Hiker attracts science with global warming data

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Imagine hiking the same 5-mile, 4,158-foot elevation gain trail 1,170 times — that adds up to 11,700 miles and 4,864,860 feet of elevation gained. That would be a big enough accolade, but Arizona hiker David Bertelsen also identified and recorded the condition every plant he saw on the Finger Rock Trail in the Catalina Mountains over a 24-year period.

With over 111,000 observations, scientists are drawn to Bertelsen's observations, which provide precise data and insight into how global warming and drought have affected the Sonoran desert over the last quarter-century. His detailed conclusions can provide climate-change researchers with historical data they can't get anywhere else.

Some of Bertelsen's salient observations include:

— On the last mile, Bertelsen has seen about 60 plant species, about one-tenth of the trail's total, "move up the mountain" by 400 to 1,000 feet, he said.

— Since 2002, he's seen 71 dead mature saguaros — more than in the previous 18 years.

— More than 50 Arizona white oaks, 42 mature ponderosa pines and 15 alligator junipers died in that period, he says — a scene similar to die-offs attributed to drought throughout the West.

— He's noticed major population declines in bird, mammal, reptile and amphibian species.

— In 1990, he started seeing 19 non-native grass species including buffelgrass invade the trail in patches; some scientists say global warming has made it easier for buffelgrass to thrive here. Since 2002, he has watched buffelgrass shoot four feet high and move uphill from 3,300 feet to 4,500 to 5,000 feet up.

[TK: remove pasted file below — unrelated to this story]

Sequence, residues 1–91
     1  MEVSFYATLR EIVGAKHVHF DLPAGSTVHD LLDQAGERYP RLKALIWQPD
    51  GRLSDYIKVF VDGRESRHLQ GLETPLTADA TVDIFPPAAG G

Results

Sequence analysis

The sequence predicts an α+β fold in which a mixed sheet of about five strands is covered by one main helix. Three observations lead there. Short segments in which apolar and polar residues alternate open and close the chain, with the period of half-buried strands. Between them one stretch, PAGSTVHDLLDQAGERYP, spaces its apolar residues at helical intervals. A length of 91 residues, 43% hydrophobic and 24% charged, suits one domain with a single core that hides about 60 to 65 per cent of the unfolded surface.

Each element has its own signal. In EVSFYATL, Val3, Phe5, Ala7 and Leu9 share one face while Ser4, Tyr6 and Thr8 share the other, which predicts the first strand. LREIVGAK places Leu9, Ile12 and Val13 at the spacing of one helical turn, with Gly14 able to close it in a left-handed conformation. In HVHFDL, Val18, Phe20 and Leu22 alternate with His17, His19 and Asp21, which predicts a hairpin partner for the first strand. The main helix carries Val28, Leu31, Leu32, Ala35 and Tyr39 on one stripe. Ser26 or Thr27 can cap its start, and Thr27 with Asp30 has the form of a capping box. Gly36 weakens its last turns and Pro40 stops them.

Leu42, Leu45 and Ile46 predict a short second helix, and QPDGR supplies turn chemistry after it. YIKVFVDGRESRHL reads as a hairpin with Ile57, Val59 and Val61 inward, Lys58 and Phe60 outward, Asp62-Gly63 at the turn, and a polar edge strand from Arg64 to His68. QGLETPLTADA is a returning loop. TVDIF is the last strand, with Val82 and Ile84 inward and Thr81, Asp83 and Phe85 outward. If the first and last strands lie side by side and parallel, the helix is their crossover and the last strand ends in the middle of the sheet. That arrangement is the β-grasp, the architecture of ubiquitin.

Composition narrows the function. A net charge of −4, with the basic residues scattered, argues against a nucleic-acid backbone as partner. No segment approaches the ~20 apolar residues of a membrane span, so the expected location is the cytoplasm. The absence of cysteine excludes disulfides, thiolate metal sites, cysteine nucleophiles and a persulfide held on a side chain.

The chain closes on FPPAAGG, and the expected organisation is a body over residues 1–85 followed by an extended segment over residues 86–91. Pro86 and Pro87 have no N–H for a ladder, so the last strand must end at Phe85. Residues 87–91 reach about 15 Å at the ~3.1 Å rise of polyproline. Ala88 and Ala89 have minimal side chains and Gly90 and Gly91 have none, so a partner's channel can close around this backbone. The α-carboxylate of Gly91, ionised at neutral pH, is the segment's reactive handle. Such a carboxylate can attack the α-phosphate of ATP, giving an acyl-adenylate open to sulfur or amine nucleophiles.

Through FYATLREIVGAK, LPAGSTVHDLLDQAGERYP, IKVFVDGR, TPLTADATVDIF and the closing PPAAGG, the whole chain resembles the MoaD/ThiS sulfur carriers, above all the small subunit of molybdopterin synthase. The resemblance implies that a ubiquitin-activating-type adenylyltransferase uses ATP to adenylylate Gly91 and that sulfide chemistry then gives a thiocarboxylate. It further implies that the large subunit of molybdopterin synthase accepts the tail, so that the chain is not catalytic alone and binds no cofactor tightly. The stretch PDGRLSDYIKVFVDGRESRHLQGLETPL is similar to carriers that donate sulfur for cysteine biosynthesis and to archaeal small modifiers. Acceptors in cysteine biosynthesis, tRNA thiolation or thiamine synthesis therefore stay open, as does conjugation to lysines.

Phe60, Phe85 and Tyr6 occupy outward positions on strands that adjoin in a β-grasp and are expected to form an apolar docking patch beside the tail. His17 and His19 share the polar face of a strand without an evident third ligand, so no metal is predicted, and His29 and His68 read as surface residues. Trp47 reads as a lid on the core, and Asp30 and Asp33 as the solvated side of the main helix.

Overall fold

— Perhaps most significantly, in recent years Bertelsen has seen more than a dozen wildflower varieties bloom for the first time on the trail's last mile. High-elevation blooming — and blooms earlier in the year, both here and elsewhere — are believed by many scientists to be a symptom of human-caused global warming.

Not bad at all for an amateur naturalist. Did we mention that he just turned 65? Bertelsen lost a year of research in 2005 to a broken leg and arm after an accident and triple bypass surgery, but luckily for scientists he vows to continue collecting data "as long as I'm able." — Ted Alvarez

On 1,170 hikes, same trail, he's bound to see changes (Arizona Star)

Via GoBlog